"A walk to Grantchester Meadows reminds me never to give up on the way – you never know how beautiful the destination might be"twitter/camincamera

I’m probably stating the obvious in saying that the loveliest and most scenic walk to take around Cambridge is the Cambridge-to-Grantchester’ one. At least that’s what I used to call the walk, before realising that it actually has a pastoral-sounding name: Grantchester Meadows.

“For a young French lady like me, this is the epitome of Britishness”

For a young French lady like me, this is the epitome of Britishness. While sheep, cows, fields and stiles are strong contenders, the tearooms and pubs in Grantchester take the top spot when it comes to this concept. Of course, ‘Britishness’ consists of much more than this list alone, but Grantchester does bear an uncanny resemblance to how I pictured the settings of Far from the Madding Crowd and Cold Comfort Farm.

When I walk past MillWorks and cross The Fen Causeway, I always feel like I’ve just reached the other side of the looking glass. Simply by crossing a busy road, it strikes me that I find myself in (what appears to be) the middle of the countryside. There are cows, goats, ducks and swans – and I’m pretty sure I saw a heron once too. I am amazed at how town and country coalesce around here, but beyond the picturesque ‘Britishness’ of it all, what strikes me is how this path epitomises life. This is because I’ve always pictured my life as a long path: whenever I am worried about something, I picture a cloud. When I feel happy, I visualise the sun shining above my head.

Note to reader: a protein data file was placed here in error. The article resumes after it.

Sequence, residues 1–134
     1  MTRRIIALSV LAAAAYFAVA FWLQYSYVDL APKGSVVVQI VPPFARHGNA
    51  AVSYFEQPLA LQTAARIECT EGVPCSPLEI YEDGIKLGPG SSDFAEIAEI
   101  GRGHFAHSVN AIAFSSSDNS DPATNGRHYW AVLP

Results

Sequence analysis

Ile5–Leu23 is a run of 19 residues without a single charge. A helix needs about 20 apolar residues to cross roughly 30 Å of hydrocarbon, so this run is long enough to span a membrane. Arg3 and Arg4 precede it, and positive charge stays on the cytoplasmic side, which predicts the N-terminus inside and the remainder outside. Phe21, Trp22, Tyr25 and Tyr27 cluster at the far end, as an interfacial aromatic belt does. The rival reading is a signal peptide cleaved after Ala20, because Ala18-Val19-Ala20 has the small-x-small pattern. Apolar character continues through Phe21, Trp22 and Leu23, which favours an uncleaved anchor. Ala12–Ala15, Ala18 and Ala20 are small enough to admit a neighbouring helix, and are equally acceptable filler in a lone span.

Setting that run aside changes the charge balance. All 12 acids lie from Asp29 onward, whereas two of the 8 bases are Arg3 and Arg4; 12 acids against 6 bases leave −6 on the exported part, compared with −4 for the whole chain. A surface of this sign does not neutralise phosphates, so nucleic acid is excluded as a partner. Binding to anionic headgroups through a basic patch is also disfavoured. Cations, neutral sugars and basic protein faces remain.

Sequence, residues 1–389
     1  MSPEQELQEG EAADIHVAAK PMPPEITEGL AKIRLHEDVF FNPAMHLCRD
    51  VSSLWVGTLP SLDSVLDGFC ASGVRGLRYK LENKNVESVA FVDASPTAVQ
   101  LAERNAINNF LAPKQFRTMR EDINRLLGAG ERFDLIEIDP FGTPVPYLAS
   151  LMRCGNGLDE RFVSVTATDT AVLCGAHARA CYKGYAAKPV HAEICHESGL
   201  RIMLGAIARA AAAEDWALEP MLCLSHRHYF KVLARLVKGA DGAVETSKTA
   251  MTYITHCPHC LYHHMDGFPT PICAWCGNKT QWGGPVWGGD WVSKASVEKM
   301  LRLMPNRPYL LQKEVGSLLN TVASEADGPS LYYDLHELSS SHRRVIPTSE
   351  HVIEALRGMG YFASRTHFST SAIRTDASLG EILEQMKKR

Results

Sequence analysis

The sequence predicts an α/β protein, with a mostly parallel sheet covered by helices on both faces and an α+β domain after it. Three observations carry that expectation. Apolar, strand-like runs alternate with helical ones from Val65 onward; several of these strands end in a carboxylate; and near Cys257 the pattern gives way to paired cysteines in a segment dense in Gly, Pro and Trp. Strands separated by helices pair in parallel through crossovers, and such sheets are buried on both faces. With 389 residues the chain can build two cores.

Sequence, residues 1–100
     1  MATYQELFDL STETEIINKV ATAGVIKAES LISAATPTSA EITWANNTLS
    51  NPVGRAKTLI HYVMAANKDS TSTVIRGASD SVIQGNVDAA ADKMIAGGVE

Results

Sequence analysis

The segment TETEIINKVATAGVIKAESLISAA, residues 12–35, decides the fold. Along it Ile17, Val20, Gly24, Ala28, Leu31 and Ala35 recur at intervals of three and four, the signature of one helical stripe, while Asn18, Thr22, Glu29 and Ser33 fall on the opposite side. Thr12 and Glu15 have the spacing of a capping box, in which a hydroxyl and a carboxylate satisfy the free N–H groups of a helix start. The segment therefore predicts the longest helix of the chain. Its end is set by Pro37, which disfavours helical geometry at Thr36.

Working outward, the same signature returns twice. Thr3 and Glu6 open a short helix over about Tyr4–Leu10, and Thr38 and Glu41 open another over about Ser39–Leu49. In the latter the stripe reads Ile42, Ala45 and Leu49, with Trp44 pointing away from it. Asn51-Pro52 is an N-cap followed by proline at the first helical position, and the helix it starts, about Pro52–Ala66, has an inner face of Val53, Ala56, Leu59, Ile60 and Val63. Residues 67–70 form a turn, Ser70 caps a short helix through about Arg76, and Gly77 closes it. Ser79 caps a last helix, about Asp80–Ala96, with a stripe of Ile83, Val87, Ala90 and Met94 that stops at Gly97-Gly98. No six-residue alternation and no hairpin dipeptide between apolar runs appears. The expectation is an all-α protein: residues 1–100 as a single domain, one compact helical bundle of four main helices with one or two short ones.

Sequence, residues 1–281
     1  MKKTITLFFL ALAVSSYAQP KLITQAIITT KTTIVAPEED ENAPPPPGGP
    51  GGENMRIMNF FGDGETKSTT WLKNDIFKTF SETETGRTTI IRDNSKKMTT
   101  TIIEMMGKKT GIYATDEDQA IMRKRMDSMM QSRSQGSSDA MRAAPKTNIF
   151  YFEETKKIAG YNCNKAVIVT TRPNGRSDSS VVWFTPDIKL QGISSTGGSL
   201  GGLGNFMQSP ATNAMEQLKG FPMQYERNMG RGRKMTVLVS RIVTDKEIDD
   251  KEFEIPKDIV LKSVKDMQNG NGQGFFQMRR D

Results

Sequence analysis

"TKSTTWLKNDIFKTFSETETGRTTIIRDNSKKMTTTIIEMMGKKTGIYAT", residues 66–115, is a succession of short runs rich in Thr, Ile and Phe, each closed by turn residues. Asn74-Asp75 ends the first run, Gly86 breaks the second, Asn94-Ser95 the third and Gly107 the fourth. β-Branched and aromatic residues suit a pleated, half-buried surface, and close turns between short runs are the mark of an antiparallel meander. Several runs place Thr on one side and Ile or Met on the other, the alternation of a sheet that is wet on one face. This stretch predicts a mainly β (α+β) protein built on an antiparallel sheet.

“I didn’t mind, but I am not sure I can say the same for my trainers and socks”

When I have important choices to make every now and then, the image of my path suddenly dividing in a myriad of smaller ones is conjured up. When there is an obstacle, I picture a huge fallen tree across my path, which makes it impossible to see beyond it. Yet, as the poet Robert Frost once said, ‘the best way out is always through’. No matter what, you have to keep walking.

"As naive and idealistic as it may sound, the saying ‘every cloud has a silver lining’ certainly possesses a lot of truth"https://pixabay.com/illustrations/autumn-tree-field-golden-autumn-1817134/

I ran to Grantchester Meadows last week so that I could refresh my memory for this article. The first obstacles I came across were mud and puddles. It honestly had not occurred to me that, as it had heavily rained the day before, jogging might not be the best idea. I didn’t mind, but I am not sure that I can say the same for my trainers and socks. The second obstacle I faced, then, was the occasional branch which slowed me down. I often didn’t even see the branches before they were right in my face, because I was so distracted by the view. I think, though, that the most rewarding roads are usually the most uneven ones – as needless to say – once I (eventually) arrived in Grantchester, all the memories of the ‘obstacles’ instantly faded away. So, remember that if you find yourself standing in the middle of a muddy path with the wind whipping your face, you will see the sunshine again.


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The journey is always worth it. In fact, it makes me (for one) appreciate the destination even more. If (as is the case) Grantchester is the loveliest village, the journey in and of itself is actually perfect enough and its so-called imperfections are what make it so special. After a rather long (and muddy) walk, the reward of a beautiful view is always welcome. A tea at The Orchard, alongside scones or a delicious ginger beer at the Blue Ball Inn also never fail to disappoint. Even though we’ll all have to wait a bit longer to enjoy these treats again, I’m sure that the wait will be worth it.

As naive and idealistic as it may sound, the saying ‘every cloud has a silver lining’ certainly possesses a lot of truth. At the risk of sounding unconvincing, a walk to Grantchester Meadows reminds me never to give up on the way – you never know how beautiful the destination might be.